She possessed a large vocabulary, but the kicker was that she had troubles sticking to one language. We determined she could understand three: English, Gaelic, and French. She would really only speak French if spoken to in the language, but she freely babbled in a hilarious mixture of English and Gaelic.

Who on earth were her parents? Or, in my opinion, who had they been?  

Nothing had disproved my theory that her parents were dead and it was quickly becoming accepted as fact.

Her lack of medical history had proven to be a problem in her first days at Raigmore. We hadn’t known if she had any allergies and discovered the hard way that she didn’t respond well to anesthesia. We almost lost her when we she went under for her shunt placement. This surgery posed no small amount of risk, but she wouldn’t reach adulthood without it.

A movement in the corner of the operating theater caught my eye.

“She’s back,” I commented to Grannie Fiona without turning.

The older woman cackled as she got out of her chair to come look. “I kenned she would be.”

I had told Grannie of Julia’s mother’s ghost. The apparition had appeared no less than six times in the year Julia had been in my life. Grannie wholeheartedly believed me and would often tell me her opinion on what each sighting meant. The phantom woman hadn’t spoken in her subsequent visits, only coming to comfort her child.

Grannie suddenly grabbed hold of my arm as she came up beside me, her grip vice-like.

I looked down at her, startled, “What?”

“I…” she broke off, then took a deep breath and started again. “I can see her.”

She placed a hand over her heart, as if to stop its riotous beating. Mine was behaving in much the same way. Up until this point, it seemed that I was the only one who could see her, save a few of my colleagues who professed to have felt her presence.

The figure moved closer to the operating table, coming to stand beside the anesthetist at Julia’s head. Her hand cupped it’s curve as she gently kissed the child’s brow.  She straightened then, and looked to where we stood in the observation room.

Grannie Fiona let out an audible gasp and just about fell over.

“Katie, I ken who she is!” she exclaimed.

“Who? Julia?” I asked as I steadied her. “Of course you know who she is.”

“Nae,” she exclaimed. “her mother!”

I tried to usher Grannie back to her chair, thinking her faint at the sight of the surgery, but she adamantly refused.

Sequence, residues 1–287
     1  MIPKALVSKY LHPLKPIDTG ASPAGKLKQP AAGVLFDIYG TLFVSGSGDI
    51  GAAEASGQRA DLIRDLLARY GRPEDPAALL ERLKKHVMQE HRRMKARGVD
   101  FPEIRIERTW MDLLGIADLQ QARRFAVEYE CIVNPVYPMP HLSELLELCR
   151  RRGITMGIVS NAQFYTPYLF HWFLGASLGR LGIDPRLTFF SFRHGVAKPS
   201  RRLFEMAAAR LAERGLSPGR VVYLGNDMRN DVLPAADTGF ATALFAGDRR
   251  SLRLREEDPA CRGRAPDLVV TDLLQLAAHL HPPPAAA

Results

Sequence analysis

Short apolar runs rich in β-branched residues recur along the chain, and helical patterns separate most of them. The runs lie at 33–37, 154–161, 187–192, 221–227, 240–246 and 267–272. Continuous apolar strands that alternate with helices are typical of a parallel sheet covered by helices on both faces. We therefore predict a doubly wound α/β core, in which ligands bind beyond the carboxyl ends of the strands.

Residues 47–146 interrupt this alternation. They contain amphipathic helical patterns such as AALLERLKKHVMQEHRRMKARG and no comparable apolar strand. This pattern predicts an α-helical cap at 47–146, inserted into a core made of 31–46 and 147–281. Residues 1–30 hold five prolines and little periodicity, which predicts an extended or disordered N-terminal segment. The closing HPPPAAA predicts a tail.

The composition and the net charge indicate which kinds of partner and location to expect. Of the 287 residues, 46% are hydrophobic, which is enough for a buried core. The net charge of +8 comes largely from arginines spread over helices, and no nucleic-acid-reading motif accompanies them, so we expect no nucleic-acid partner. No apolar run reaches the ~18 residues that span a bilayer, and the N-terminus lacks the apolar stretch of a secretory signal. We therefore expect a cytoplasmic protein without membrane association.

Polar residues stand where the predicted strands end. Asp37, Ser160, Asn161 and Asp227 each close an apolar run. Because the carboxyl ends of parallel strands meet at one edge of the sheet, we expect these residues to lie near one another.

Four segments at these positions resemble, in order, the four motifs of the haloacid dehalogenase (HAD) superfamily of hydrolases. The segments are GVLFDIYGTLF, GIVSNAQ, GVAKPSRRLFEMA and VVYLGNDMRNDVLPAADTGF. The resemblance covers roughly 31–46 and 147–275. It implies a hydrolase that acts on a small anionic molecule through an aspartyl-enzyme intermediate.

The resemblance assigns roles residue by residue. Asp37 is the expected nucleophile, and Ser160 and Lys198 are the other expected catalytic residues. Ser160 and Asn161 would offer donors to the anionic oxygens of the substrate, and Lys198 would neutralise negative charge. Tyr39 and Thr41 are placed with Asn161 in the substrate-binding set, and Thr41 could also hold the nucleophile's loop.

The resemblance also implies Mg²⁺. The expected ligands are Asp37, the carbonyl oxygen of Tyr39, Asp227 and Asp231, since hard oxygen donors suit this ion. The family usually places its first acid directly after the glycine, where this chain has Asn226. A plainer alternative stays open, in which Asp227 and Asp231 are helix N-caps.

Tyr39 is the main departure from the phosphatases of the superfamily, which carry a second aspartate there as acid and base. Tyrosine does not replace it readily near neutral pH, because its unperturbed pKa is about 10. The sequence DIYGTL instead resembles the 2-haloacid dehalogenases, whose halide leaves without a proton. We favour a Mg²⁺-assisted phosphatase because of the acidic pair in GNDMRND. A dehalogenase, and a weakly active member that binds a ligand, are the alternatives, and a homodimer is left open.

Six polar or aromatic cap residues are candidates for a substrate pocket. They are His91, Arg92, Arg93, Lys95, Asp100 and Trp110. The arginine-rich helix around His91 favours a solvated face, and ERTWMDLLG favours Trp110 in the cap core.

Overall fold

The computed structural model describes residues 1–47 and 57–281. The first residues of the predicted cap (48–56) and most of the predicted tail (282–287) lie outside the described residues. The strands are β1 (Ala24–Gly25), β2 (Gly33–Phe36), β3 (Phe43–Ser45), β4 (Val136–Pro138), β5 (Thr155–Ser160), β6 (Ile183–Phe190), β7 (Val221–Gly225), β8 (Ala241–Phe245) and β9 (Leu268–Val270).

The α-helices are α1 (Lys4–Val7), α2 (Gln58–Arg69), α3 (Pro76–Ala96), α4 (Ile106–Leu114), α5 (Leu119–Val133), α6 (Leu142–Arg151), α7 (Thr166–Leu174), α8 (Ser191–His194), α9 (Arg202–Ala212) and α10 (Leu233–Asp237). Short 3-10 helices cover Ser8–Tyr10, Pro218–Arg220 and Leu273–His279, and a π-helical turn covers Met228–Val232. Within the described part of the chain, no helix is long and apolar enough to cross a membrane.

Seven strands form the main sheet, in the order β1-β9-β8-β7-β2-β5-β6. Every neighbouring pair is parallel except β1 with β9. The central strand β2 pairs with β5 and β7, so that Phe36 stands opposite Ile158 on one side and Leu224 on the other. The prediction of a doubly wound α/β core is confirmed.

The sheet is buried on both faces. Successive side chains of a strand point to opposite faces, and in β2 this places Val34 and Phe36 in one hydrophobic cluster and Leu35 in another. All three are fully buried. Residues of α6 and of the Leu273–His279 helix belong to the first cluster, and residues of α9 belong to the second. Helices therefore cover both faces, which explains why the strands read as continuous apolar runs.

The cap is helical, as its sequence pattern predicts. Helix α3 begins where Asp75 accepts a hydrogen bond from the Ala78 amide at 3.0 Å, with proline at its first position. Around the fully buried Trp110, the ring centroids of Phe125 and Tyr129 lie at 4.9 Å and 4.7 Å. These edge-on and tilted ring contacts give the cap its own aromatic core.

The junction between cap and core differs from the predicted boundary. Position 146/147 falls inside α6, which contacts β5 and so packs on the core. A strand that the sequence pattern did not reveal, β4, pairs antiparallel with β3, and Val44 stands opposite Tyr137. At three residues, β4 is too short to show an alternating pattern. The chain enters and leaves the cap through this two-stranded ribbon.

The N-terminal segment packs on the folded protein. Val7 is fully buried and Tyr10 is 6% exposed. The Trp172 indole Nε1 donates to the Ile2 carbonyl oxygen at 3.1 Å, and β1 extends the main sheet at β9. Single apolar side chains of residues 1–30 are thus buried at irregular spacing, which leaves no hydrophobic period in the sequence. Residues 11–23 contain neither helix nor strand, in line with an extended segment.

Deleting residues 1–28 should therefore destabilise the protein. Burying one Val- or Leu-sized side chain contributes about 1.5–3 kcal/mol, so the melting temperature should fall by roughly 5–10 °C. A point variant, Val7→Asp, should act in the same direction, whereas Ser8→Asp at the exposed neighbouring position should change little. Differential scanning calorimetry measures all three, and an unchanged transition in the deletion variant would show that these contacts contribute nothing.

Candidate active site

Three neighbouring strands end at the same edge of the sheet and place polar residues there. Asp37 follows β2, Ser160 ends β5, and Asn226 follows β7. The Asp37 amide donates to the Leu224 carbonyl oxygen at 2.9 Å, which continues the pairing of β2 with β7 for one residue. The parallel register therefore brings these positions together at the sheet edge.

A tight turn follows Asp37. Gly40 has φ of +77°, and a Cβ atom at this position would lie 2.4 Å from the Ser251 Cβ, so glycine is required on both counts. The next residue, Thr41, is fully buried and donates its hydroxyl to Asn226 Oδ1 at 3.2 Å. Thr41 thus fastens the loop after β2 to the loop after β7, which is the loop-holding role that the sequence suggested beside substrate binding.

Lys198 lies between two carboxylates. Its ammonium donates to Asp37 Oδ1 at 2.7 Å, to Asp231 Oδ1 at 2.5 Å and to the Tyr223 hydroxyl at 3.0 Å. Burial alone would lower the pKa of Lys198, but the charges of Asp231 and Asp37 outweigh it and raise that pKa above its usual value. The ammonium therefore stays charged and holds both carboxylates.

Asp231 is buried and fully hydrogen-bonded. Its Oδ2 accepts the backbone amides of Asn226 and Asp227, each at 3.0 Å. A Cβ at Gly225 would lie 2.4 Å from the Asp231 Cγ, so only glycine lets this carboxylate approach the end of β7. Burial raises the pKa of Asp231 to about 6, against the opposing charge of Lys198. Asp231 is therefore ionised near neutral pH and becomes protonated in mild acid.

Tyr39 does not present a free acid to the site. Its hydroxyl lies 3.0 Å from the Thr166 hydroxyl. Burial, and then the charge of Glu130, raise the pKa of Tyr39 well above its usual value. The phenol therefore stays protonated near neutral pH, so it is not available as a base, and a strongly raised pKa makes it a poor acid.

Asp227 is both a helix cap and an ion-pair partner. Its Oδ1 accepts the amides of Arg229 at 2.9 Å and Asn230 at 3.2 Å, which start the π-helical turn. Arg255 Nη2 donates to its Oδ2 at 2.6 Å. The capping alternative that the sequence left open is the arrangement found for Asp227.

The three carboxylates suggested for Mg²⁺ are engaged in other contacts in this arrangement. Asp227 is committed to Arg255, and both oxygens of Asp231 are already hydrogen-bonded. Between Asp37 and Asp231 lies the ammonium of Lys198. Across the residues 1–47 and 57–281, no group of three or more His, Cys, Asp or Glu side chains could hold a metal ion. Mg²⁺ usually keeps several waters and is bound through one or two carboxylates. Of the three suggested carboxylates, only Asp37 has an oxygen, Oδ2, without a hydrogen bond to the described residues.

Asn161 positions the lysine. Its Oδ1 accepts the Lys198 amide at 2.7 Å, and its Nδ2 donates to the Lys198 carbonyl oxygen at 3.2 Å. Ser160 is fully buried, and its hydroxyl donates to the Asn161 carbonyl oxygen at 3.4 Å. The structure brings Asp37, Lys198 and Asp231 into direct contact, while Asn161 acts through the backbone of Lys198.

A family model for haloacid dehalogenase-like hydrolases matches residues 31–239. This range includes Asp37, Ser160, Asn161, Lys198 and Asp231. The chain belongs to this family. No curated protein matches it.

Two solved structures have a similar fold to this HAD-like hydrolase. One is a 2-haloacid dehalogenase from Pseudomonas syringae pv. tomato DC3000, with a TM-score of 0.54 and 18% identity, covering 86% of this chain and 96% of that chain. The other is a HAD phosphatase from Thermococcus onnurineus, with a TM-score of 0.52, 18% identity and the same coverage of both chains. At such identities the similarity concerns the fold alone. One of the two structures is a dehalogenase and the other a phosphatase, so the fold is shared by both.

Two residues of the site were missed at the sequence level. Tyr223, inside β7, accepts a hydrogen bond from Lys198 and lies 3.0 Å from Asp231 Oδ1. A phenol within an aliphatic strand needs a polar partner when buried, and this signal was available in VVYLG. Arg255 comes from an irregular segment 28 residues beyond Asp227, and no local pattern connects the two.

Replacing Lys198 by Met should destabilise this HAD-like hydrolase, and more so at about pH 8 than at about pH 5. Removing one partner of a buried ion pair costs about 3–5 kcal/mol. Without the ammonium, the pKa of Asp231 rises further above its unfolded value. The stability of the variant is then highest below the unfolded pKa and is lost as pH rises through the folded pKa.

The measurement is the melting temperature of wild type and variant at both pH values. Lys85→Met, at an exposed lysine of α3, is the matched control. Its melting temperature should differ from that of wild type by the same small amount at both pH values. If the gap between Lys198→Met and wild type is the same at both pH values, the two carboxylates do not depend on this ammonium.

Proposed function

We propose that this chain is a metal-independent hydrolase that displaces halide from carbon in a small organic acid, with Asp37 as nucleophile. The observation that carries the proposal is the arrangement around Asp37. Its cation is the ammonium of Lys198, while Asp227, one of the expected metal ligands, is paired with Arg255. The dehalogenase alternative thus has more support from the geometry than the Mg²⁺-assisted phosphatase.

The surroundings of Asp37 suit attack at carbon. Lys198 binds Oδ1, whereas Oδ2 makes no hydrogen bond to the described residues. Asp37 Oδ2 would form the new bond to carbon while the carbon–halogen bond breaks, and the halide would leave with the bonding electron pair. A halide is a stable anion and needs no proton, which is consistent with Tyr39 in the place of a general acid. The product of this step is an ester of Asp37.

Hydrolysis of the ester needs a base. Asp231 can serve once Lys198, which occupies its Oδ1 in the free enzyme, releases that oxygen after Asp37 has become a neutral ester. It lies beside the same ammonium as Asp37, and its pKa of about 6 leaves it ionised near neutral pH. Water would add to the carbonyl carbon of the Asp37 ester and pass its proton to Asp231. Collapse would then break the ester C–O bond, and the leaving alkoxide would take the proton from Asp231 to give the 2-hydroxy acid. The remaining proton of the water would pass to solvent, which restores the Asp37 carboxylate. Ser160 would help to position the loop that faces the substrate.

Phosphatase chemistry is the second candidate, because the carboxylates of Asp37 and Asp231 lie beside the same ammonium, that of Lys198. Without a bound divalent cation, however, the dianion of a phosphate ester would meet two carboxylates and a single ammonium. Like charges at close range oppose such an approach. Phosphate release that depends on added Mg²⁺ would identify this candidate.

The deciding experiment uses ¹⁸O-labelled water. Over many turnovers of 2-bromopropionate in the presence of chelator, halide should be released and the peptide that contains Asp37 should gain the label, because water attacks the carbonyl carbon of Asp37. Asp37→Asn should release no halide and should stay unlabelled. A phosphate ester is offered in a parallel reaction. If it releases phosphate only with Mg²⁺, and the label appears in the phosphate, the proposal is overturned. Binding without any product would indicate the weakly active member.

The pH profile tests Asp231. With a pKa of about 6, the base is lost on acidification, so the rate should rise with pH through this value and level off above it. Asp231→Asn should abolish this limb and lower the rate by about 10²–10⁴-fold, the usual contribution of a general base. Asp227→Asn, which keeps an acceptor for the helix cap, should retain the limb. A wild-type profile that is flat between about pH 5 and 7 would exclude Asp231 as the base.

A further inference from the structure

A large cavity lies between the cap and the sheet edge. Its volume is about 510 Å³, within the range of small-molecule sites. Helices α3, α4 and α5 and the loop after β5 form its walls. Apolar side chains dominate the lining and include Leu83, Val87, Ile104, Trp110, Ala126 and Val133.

“I’ve met tha’ woman before,” she insisted.

“You’ve what?”

She finally tore her eyes away from the room below and stared at me, “Her name is Claire.”

Haughty rich girl and arrogant sports guy are the sane trope in function just from different genres

anonymous asked:

IceWing beauty standards favor large noses as an adaptation to the cold, and Winter was always considered "ugly" compared to his sisters and the rest of the royal family for his relatively small nose. NightWing beauty standards conversely favor straight noses as a reaction to their IceWing rivals.

If the steryotype of that royals never get their hands dirty then it would fit perfectly. Don’t need large noses when the lower class can do it for you

-Admin Peril

nice things: when ur friendship w someone fizzles out and u don’t talk for a long time, and then u hang out w them again and ur like “oh, hey, this is why we were friends isn’t it”

anonymous asked:

Maedhros + fluffy cat

Never thought I’d get multiple uses out of this reaction image;

He hates fluffy cats; the fur gets stuck in his teeth. 

No but that’s not a great answer, so I consulted w. learned colleague @imindhowwelayinjune​ and we had what was probably not the worst conversation we’ve ever had, but that just says a lot about the standard quality of our conversations. 

Keep reading

Standard conversations
  • Person: your art is dark cuz ur broken
  • Me: wat
  • Person: it's so clear ur such a shattered mirror
  • Me:
  • Person: let me heal you

scribefindegil replied to your post:im so glad people on this site humor me when i…

i just want to yell about our party All The Time

SAME our party is so good…..

standard-fiend replied to your post: im so glad people on this site humor me when i…

*sits cross legged on the ground for story time*

Where Do I Start

  • Straight white man: I don't know if you know this, but there's a horrible double standard between the genders???
  • Me: Um.
  • Man: Like let me list all of these things that men can safely do and women can't?
  • Me: I am actually aware of this
  • Man: But you might not realize the extent of it. Let me tell you more.
  • Me: ...
  • Me: ...
  • Me: .
“Why do you hate men so much?”

I get messages about this with aggravating frequency, and since my tried and true method of rolling my eyes and ignoring them hasn’t solved things yet, I figured I would address it here this once: